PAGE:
1199. Clinical Outcomes Following Influenza Including 2014/H3N2 Infection in Hematopoietic Cell Transplant (HCT) Recipients
Session: Poster Abstract Session: Transplant: Epidemiology of Infections in Transplant Patients and Other Patients with Impaired Immunity
Friday, October 9, 2015
Room: Poster Hall
Background: Compared to the general population, HCT recipients have lower immune response to influenza vaccination and are susceptible to serious outcomes such as lower respiratory tract infection (LRI) and death. Circulating influenza viral strains and the host immune status determine disease severity after HCT.

Methods: We determined the clinical characteristics, management, and outcomes of laboratory-confirmed influenza, including 2014/H3N2 infection, in HCT recipients.

Results: Of the 146 HCT recipients with influenza, 33 developed LRI (23%), and 7 died within 30 days of diagnosis (5%). Most patients received antiviral therapy (83%); however, only 18% received it within 48 hours of symptom onset. Compared to those who never progressed to LRI, patients presenting with LRI were more likely to be black, have delays in seeking medical care from symptom onset, and have lymphocytopenia, elevated creatinine levels, and hypoxia. Significant differences in gender, race, smoking status and BMI were identified between 2014/H3N2 vs. previous influenza season cases. Similar rates of LRI and mortality were observed during the 2014/H3N2 season; however, antiviral therapy was more promptly initiated when compared to previous seasons. Receiving early antiviral therapy (within 48h of symptom onset) was associated with a significant reduction in LRI.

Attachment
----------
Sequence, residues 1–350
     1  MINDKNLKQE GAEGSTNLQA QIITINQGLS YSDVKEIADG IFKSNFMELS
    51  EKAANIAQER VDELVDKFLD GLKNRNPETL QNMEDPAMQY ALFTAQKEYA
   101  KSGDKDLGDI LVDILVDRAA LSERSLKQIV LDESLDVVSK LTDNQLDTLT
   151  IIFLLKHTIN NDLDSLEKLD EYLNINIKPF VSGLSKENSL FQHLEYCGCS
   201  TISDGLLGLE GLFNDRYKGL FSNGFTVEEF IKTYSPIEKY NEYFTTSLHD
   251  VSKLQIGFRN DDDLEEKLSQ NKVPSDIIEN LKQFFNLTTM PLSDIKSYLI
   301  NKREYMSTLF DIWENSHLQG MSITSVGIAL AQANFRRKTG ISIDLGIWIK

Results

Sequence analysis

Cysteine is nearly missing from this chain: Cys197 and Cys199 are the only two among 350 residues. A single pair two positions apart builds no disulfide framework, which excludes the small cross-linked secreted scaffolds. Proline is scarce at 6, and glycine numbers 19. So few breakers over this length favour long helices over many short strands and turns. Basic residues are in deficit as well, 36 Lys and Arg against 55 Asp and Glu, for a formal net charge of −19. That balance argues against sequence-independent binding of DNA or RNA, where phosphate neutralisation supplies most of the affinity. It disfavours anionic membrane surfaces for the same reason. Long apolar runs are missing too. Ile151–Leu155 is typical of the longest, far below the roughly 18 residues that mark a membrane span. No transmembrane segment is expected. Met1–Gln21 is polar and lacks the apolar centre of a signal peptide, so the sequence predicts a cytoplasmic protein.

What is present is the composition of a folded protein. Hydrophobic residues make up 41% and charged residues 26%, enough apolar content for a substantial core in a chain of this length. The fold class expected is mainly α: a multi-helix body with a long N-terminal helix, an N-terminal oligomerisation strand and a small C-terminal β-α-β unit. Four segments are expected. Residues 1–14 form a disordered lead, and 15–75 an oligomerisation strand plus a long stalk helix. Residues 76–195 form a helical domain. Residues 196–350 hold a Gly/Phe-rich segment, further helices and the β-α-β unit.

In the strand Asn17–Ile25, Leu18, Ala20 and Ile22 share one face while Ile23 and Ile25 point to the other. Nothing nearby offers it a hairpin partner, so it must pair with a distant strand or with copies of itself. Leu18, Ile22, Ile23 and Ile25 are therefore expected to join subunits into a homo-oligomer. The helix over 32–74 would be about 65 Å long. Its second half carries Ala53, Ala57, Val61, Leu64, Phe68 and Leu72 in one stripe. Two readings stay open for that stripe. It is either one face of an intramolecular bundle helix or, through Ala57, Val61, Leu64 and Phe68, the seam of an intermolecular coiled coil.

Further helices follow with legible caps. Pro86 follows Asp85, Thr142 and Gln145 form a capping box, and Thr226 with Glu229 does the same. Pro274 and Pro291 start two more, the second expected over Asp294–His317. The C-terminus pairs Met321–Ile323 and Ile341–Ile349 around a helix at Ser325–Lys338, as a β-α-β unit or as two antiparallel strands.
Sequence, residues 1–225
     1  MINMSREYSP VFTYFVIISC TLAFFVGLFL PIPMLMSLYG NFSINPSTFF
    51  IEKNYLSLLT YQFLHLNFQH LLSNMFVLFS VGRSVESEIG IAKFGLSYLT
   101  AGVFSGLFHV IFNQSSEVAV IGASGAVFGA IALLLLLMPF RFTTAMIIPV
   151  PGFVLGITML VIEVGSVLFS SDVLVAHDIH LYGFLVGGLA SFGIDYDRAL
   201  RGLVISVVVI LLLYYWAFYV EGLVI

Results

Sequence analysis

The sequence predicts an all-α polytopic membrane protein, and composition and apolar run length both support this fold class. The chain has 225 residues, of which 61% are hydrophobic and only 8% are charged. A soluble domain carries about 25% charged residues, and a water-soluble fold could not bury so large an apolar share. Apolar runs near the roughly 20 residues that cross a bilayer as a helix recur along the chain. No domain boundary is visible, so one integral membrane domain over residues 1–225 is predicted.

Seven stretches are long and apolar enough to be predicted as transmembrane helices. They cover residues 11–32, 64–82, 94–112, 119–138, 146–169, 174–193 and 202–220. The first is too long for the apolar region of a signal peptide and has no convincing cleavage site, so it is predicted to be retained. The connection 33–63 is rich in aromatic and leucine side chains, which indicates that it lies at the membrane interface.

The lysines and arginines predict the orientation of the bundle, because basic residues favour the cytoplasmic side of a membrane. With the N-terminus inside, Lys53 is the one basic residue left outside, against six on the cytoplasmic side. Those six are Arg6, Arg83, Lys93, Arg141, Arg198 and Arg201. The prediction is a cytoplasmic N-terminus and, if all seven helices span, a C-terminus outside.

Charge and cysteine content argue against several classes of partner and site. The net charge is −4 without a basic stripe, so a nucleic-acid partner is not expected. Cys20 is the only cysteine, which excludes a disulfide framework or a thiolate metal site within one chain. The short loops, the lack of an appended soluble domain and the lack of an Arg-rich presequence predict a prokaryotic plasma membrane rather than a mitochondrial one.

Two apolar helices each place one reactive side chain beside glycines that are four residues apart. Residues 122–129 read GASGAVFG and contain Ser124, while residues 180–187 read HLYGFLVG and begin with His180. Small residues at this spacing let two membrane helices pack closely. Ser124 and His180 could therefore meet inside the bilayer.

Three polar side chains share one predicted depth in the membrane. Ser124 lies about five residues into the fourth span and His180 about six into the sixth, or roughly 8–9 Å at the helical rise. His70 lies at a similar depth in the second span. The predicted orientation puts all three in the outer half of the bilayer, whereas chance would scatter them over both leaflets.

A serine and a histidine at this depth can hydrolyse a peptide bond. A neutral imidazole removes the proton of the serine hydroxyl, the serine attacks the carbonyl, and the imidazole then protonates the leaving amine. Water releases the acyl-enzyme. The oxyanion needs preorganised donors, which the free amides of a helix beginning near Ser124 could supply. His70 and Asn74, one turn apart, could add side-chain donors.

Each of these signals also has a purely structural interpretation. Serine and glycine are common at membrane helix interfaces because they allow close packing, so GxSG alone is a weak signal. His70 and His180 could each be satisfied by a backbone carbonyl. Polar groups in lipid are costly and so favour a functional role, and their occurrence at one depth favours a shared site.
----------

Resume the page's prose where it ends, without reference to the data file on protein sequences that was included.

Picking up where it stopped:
Conclusion: HCT recipients with 2014/H3N2 influenza infection in our cohort did not experience increased rate of LRI and mortality compared to previous season, probably owing to prompt initiation of antiviral therapy by treating physicians. Early antiviral therapy, even empirically, may reduce influenza-associated LRI and mortality in HCT recipients.

Joumana Kmeid, MD1, Jakapat Vanichanan, MD2, Dimpy Shah, MD, MSPH, PhD3, Firas El Chaer, MD4, Jacques Azzi, MD5, Ella Ariza-Heredia, MD3, Victor Mulanovich, MD6 and Roy F. Chemaly, MD, MPH, FIDSA, FACP3, (1)Infectious Diseases, MD Anderson Cancer Center, Houston, TX, (2)Infectious Diseases, Infection Control and Employee Health, The University of Texas MD Anderson Cancer Center, Houston, TX, (3)Infectious Diseases, Infection Control and Employee Health, University of Texas MD Anderson Cancer Center, Houston, TX, (4)Infectious Diseases, Baylor College of Medicine, Houston, TX, (5)Internal Medicine, Staten Island University Hospital, Staten Island, NY, (6)Infectious Diseases, Infection Control & Employee Health, The University of Texas MD Anderson Cancer Center, Houston, TX

Disclosures:

J. Kmeid, None

J. Vanichanan, None

D. Shah, None

F. El Chaer, None

J. Azzi, None

E. Ariza-Heredia, None

V. Mulanovich, None

R. F. Chemaly, GSK: Grant Investigator , Grant recipient

Findings in the abstracts are embargoed until 12:01 a.m. PDT, Wednesday Oct. 7th with the exception of research findings presented at the IDWeek press conferences.